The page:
The vertical takeoff and landing aircraft (VTOL) of the present invention optionally comprises a hinged air brake connected approximately at a mid-section of a side of the fuselage, the hinged air brake having deployed and stowed positions. Alternatively, a hinged air brake is connected underneath the fuselage, the hinged air brake having deployed and stowed positions. Left and right wing control surfaces are also optionally included extending outwardly from the fuselage, the left and right wing sections generally in the shape of an airfoil and tiltable.
The present invention is also a propulsion unit for an aircraft rotatable vertically about a horizontal axis, the propulsion unit comprising: a tilting mechanism connected to the propulsion unit including: an annular gear having teeth around an annulus; and an electric motor having teeth to engage the annular gear, the electric motor rotatable about the annular gear, wherein the electric motor is mechanically connected to the propulsion unit. The propulsion unit of the invention may be further characterized wherein the electric motor is structurally connected to an annular ring for rotating the annular ring, the annular ring connected to a hollow structure beam further connected to the propulsion unit for rotating the propulsion unit about the horizontal axis.
The propulsion unit of a preferred embodiment of the present invention further comprises: a forward fan unit having one or more fan blades; and a counter rotating rearward fan unit having one or more fan blades to assist in stabilizing the aircraft. Optionally, the propulsion unit further comprises a rudder attached to a rear end of the propulsion unit, the rudder providing thrust vectoring control. In the invention embodiment including a rudder, the propulsion unit further comprises: a rudder hinge rod aligned vertically with respect to the propulsion unit, wherein the rudder pivots about the rudder hinge rod; a hydraulic cylinder providing power to actuate the rudder; a hydraulic cylinder fairing encasing the hydraulic cylinder; a hydraulic fluid line contained within a hollow structure beam providing fluid pressure to the hydraulic cylinder; and a rudder anchor rod connecting the hydraulic cylinder to the rudder. Further, the propulsion unit may be shrouded.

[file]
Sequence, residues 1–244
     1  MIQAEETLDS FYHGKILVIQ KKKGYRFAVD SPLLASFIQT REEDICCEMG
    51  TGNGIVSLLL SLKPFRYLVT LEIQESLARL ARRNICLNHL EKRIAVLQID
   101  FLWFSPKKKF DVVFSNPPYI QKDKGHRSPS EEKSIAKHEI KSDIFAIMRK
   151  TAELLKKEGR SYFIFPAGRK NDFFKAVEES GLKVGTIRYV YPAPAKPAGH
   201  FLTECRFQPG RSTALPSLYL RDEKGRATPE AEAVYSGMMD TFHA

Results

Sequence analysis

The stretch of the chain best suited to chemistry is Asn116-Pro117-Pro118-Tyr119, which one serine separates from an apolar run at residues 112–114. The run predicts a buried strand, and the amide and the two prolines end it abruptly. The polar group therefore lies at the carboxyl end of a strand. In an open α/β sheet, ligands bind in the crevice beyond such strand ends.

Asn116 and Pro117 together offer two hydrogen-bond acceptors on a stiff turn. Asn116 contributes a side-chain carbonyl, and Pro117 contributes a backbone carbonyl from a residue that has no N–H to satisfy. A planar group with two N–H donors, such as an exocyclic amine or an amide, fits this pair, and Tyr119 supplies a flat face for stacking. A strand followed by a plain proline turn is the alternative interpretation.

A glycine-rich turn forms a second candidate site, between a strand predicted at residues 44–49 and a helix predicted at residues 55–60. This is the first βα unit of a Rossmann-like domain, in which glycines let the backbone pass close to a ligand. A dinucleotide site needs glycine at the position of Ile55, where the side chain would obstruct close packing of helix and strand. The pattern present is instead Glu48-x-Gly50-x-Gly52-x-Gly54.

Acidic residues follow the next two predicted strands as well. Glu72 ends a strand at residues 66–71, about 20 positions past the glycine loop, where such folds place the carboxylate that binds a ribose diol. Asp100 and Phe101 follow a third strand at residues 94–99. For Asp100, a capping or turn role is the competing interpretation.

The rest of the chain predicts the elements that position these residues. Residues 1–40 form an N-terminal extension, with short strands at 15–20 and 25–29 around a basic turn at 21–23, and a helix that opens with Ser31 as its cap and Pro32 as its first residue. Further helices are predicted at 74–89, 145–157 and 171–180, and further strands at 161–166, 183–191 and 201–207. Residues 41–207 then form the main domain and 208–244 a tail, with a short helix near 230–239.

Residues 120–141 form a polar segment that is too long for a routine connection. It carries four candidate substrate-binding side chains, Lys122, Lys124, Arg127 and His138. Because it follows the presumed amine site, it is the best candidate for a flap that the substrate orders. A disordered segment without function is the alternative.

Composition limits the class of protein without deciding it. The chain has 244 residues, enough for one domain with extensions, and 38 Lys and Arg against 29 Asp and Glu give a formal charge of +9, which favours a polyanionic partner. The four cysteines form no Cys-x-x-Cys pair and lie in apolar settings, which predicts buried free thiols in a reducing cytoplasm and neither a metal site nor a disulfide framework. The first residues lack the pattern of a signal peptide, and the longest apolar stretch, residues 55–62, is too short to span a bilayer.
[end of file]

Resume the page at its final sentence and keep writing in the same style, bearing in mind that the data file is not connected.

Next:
In another aspect, the invention is a propulsion unit for an aircraft, rotatable horizontally about a vertical axis, the propulsion unit comprising: a fan unit connected to a horizontal structure beam rotatable horizontally about a vertical pin; and a hydraulic cylinder and anchor rod assembly connected between the horizontal structure beam and the fan unit for providing horizontal rotational movement of the propulsion unit about the vertical axis.
The propulsion unit similarly comprises a shroud partially encasing the fan unit while also allowing for horizontal tilt. The horizontal structure beam of a preferred propulsion unit, has a hollow center portion, and wherein the hollow center portion comprises a shaft providing shaft power to the fan unit. The propulsion unit further comprises a planetary gear assembly for transferring power from the shaft to the fan unit.